"[Untitled - The First Sighting of the Pacific Ocean]", Bry, Theodore de
Subject: Prints Native American
Period: 1631 (circa)
Publication: Grands Voyages, Part IV
Color: Hand Color
7.8 x 6.4 inches
19.8 x 16.3 cm
This copper engraving is from a remarkable series of publications, illustrating voyages of discovery and travels of exploration to various parts of the world. The project was begun by Theodore de Bry of Frankfurt, in 1590 and was to continue for another 54 years. They became known collectively as the Grands Voyages (to America and the West Indies) and the Petits Voyages (to the Orient and the East Indies). De Bry died after the first six parts of the Grands Voyages were completed. The project was completed initially by his widow and two sons, Johann Theodore de Bry and Johann Israel de Bry, then by his son-in-law, Matthaus Merian in 1644.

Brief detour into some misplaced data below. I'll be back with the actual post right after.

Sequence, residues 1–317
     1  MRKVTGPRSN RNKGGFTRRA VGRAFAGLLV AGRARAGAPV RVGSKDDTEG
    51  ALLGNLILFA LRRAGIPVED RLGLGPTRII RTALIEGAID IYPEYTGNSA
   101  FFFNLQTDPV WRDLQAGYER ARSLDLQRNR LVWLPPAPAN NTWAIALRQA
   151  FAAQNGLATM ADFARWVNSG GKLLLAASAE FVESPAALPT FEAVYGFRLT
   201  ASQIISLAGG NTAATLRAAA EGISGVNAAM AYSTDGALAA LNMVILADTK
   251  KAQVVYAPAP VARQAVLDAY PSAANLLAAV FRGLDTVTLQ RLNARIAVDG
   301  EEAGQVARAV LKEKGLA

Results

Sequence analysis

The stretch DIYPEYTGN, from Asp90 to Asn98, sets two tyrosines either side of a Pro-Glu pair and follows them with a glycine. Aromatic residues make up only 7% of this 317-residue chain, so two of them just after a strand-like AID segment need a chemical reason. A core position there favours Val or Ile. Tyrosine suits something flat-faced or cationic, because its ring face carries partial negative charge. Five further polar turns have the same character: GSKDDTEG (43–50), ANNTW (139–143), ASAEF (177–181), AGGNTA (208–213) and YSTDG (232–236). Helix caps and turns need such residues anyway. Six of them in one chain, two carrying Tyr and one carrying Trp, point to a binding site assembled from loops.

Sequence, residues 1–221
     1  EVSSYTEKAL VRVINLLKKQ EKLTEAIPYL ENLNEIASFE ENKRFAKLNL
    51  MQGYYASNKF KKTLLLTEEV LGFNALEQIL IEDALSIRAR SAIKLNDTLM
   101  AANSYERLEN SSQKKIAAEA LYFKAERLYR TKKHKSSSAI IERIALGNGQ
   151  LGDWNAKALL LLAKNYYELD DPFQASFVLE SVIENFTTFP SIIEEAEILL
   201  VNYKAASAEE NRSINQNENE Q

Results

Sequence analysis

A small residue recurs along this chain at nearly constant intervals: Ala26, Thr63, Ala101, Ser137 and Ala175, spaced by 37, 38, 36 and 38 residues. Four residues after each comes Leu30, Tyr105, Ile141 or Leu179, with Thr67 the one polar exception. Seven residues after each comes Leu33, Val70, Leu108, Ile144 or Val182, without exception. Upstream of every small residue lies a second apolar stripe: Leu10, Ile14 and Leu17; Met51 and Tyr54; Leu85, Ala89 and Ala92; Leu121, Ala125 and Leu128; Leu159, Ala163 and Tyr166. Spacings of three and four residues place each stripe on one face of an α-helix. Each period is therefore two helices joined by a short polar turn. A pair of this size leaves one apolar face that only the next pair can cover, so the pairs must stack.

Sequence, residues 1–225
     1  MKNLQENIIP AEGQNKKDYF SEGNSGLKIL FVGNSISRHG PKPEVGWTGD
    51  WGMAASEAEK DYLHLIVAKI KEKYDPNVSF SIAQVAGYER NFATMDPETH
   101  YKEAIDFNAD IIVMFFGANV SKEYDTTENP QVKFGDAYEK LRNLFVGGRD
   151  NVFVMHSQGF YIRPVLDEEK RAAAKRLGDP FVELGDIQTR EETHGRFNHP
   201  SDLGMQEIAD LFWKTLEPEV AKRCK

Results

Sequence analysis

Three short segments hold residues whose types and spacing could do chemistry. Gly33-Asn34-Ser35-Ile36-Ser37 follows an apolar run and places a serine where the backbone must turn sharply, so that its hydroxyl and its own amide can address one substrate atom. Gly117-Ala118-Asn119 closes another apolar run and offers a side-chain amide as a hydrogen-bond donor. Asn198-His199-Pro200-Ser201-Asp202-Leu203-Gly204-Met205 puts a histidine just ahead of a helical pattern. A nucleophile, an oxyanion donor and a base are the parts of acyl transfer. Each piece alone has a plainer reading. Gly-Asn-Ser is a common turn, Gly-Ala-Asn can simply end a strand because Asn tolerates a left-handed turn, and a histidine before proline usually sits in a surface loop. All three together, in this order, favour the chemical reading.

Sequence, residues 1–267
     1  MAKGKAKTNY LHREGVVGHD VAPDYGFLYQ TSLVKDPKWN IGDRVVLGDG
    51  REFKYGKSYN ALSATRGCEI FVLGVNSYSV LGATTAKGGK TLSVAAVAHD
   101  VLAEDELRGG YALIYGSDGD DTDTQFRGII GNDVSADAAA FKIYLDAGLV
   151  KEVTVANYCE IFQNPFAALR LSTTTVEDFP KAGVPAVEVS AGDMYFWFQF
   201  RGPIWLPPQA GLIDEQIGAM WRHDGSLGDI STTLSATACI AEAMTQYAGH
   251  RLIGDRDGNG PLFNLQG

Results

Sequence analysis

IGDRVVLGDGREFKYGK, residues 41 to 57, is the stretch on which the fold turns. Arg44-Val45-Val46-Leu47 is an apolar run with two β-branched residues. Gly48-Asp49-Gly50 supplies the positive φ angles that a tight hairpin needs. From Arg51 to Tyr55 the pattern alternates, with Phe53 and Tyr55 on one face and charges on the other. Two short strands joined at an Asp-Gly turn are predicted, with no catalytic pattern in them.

Although this engraving is centered on Vasco Nunez de Balboa and his soldiers quarreling over a pile of pearls and gold, the real attraction is at top left, where the Indians of the Darien are pointing to the Pacific Ocean. Balboa, who had become Governor of Veragua (the Spanish colonial territory in Central America) in 1513, led an expedition from Santa Maria on the northern coast of Panama to the South Sea (the Pacific Ocean) in search of gold. On September 25, 1513, Balboa viewed the Pacific Ocean for the first time from the summit of a mountain, and is credited with being the first European to sight the Pacific Ocean. On a full sheet of German text measuring 9.3 x 14.3".
Clean and bright with minor creasing along the edges of the sheet.